If you are going to do this for a shoot, start making the powder several days in advance, if not a week. First, buy some cheap cornstarch. It does not need to be a fancy name brand. Next, pour the cornstarch into a large bowl and slowly add water until you get oobleck. If you don’t know what this is, watch a video or two on this fun-to-play-with substance. Try not to add too much water because eventually you are going to dry the mixture out. Don’t fret, you cannot mess up by adding too much water, it will just require more time to dry. After you have the non-Newtonian mixture made, add color to it. You can use food coloring to color the mixture as much or as little as you wish. I personally use Wilton cake decorating colors because they tend to be more saturated and I have access to it for next to nothing. For photo shoots, I suggest more saturated colors overall so use more coloring than you think you’ll need but keep in mind this is completely a personal preference. When the powder is dispersed in the air, the color tends to appear less saturated simply because it is not as condensed. Put on some gloves and mix the color thoroughly into the mixture. It will take some time and effort as the substance is a little difficult to mix.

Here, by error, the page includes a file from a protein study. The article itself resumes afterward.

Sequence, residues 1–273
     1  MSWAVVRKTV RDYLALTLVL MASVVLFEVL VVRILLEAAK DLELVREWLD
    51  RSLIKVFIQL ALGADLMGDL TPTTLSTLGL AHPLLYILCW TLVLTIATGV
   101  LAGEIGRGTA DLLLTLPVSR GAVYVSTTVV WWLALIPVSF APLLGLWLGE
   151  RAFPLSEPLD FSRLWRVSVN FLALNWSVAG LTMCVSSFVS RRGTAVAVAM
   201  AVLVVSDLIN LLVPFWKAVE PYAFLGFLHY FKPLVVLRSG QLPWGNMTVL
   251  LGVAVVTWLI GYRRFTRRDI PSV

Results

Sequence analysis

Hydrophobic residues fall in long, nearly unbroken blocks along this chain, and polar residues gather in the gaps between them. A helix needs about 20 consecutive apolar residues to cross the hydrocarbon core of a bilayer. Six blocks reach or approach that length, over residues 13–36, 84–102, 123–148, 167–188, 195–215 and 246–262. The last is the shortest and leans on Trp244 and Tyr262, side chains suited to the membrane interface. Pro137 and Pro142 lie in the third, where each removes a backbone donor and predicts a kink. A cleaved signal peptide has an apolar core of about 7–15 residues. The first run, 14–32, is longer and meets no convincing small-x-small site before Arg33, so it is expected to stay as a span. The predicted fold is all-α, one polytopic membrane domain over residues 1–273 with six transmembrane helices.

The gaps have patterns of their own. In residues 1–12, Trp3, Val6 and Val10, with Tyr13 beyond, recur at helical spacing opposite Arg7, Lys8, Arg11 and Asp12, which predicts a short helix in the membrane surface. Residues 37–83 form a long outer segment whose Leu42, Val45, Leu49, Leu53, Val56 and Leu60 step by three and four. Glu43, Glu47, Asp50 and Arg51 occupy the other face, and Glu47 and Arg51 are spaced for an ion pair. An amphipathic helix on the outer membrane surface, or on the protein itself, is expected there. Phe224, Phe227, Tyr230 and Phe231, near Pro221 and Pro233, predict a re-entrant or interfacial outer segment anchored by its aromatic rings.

After you have the color you’re after, spread the mixture into a large shallow pan that allows the mixture to spread out as thin as possible. The thinner you can get it, the quicker it will dry out. On hot summer days, I simply leave the pan out in the sun until it dries. If the weather is bad or particularly humid, you can place the pan in an oven at a low temperature to dry it out as well. Periodically break up and crumble the mixture during the drying period. If you dry the mixture on a countertop or outside, it may take several days to completely dry depending on the size of your batch and the pan used for drying. If you find that the mixture clumps together when you attempt to periodically break it up, it is still too wet. After the mixture is completely dry, place small portions in a blender to further reduce the mixture into a fine powder. After you have your powder, bag it up in air tight (moisture proof) bags or containers until the shoot!